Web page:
Back in those days, we didn't have the same seatbelt regulations that we do now. My parents would take the middle two seats out of our minivan, leaving just the bench at the back. We would spread a quilt on the floor, and my two brothers and I would take turns sitting on the seat or playing on the floor. I even have a vague memory of lying behind the backseat during one trip. I think we were listening to my favorite cassette - Janet Jackson's Control album. Miss Jackson, if you're nasty.
My mom and dad planned our road trips so that we would get to see some interesting parts of the country as we traveled. I remember stopping at Mount Rushmore, Yellowstone National Park, the Rocky Mountains and Estes Park, Glacier National Park, the Grand Canyon, the Mormon Temple in Salt Lake City, and countless random roadside tourist places. We saw waterfalls, went on hikes, read books, played mini-golf, and always hoped that there would be a pool at the next hotel.
My mom says that we were all pretty good travelers, and I guess we were. It helped that Mom and Dad were patient and willing to help entertain us. The alphabet game remains a classic. And then there was the one where someone would count to three, and then each person in the car would start singing whatever song he/she wanted - all at the same time! The person who could last the longest without getting confused or singing the song wrong was the winner. We laughed a lot.
Mom loved to sing. She'll Be Comin' 'Round the Mountain still says "road trip" to me. Dad told corny jokes and sang silly songs. I Won't Go Huntin' With You, Jake, But I'll Go Chasin' Women was a favorite.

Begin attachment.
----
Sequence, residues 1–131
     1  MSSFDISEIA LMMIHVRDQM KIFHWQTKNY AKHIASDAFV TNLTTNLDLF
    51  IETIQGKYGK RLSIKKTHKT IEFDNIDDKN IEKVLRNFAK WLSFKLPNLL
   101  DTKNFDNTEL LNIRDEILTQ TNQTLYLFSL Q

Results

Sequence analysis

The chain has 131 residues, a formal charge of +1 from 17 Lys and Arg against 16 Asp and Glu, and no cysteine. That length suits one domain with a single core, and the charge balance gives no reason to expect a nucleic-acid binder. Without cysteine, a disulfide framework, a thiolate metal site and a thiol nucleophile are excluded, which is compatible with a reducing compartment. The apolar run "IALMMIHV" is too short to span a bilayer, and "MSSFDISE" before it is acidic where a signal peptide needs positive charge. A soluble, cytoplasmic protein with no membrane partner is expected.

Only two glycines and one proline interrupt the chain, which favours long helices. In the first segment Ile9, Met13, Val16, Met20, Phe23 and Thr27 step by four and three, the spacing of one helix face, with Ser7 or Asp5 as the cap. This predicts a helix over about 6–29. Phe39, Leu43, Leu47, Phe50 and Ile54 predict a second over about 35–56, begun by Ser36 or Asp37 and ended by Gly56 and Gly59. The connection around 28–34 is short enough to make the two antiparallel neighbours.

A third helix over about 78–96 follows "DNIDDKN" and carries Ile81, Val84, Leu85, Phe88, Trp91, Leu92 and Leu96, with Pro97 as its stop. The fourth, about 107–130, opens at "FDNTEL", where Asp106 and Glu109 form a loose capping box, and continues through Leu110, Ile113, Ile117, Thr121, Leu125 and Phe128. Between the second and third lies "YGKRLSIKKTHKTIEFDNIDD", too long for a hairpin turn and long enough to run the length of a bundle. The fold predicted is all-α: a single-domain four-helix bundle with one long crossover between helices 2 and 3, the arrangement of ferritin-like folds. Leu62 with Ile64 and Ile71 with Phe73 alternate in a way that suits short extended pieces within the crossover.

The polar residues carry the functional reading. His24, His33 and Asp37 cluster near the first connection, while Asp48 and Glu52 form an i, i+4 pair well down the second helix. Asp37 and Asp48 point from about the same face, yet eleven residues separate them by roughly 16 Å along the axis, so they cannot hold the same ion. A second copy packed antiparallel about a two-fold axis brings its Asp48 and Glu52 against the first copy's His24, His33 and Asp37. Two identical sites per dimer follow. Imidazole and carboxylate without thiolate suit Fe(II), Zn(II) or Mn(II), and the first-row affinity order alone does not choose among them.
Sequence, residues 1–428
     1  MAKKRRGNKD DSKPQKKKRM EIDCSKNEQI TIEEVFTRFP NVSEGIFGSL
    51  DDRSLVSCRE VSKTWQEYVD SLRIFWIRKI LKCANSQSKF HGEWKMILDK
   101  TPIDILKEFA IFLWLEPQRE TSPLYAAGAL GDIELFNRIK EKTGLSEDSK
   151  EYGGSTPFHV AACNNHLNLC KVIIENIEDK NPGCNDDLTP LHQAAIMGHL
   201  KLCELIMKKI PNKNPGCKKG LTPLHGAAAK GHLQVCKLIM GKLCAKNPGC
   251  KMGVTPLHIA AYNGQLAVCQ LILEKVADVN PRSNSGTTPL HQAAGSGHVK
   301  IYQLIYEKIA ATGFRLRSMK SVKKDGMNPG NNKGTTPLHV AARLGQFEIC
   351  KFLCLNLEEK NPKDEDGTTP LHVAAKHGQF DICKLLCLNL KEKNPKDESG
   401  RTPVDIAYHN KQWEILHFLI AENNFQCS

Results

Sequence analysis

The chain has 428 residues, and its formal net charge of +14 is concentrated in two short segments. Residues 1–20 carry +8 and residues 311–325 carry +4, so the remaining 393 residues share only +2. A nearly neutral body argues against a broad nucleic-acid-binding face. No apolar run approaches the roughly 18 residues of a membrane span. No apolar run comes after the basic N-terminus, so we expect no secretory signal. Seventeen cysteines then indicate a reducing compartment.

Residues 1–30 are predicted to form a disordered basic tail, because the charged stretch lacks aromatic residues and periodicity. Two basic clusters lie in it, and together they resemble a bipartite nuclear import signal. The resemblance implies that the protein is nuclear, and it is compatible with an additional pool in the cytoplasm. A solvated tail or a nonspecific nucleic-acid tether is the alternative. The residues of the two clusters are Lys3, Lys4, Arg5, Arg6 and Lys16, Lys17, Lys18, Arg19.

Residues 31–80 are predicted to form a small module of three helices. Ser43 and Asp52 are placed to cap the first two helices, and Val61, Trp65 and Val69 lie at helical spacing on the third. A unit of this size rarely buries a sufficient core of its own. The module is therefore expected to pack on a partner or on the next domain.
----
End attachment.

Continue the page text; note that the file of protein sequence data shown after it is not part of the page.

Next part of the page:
And now I have a family of my own, and we take road trips. We have an I-pad and I-pod and a Droid and laptops, so the kids are easily distracted. We limit them to a certain amount of time with electronic entertainment. At our most generous, we give them one hour with a device, and then an hour with no device. Let's keep those imaginations working, fellas.
We have driven to Mississippi from Chicago countless times, and now we're learning the route from Texas to Mississippi. Last year, we did a major trip from south Texas to Chicago (3491 miles. Over 60 hours in the car. Nine states. Seventeen days. Four hotel rooms. One jumpstart. One new car battery. One lost wallet. Two poop explosions in the carseat). This year, we made our way to Colorado, and then drove back by way of Albuquerque and Oklahoma City (3100 miles, five states, I think only one poop explosion this year, etc).
The kids love to sing, so we play musical games: the loud competition I mentioned, plus others where we pick a word and everybody has to think of a song with that word in it. Evan likes to trip everyone up by picking a word that is clearly from one particular song. Like "awesome." He'll pick "awesome" then sing "Awesome God." And the rest of us give up.
Ben fits right in. He loves the singing - he'll do motions or dance to any song that we sing or play. Whenever he fusses, Corrie breaks into a mournful rendition of "Twinkle, Twinkle Little Star." And he faithfully twinkles and raises his hands up high. It's sweet to see their affection for each other.
And he has his own version of electronic entertainment. I think we brought four different toys that would light up or make noise when you pushed a button. As Ben got bored, we rotated between Alphabet Town, the Fisher Price Laugh & Learn puppy, a noisy play clock, and a ladybug shape -sorting toy. Not to mention the pile of books and toys that didn't make noise.
We eat. Favorite snacks include goldfish crackers and chocolate covered granola bars.
It's a good time. We generally get along, and we plan fun stops with friends or neat places to visit. For the first time in four years, my kids got to see snow. (Except Ben. He napped through our brief stop at the Continental Divide).
I loved seeing the country when I was a kid, and I think - I hope - that my children are enjoying it, too.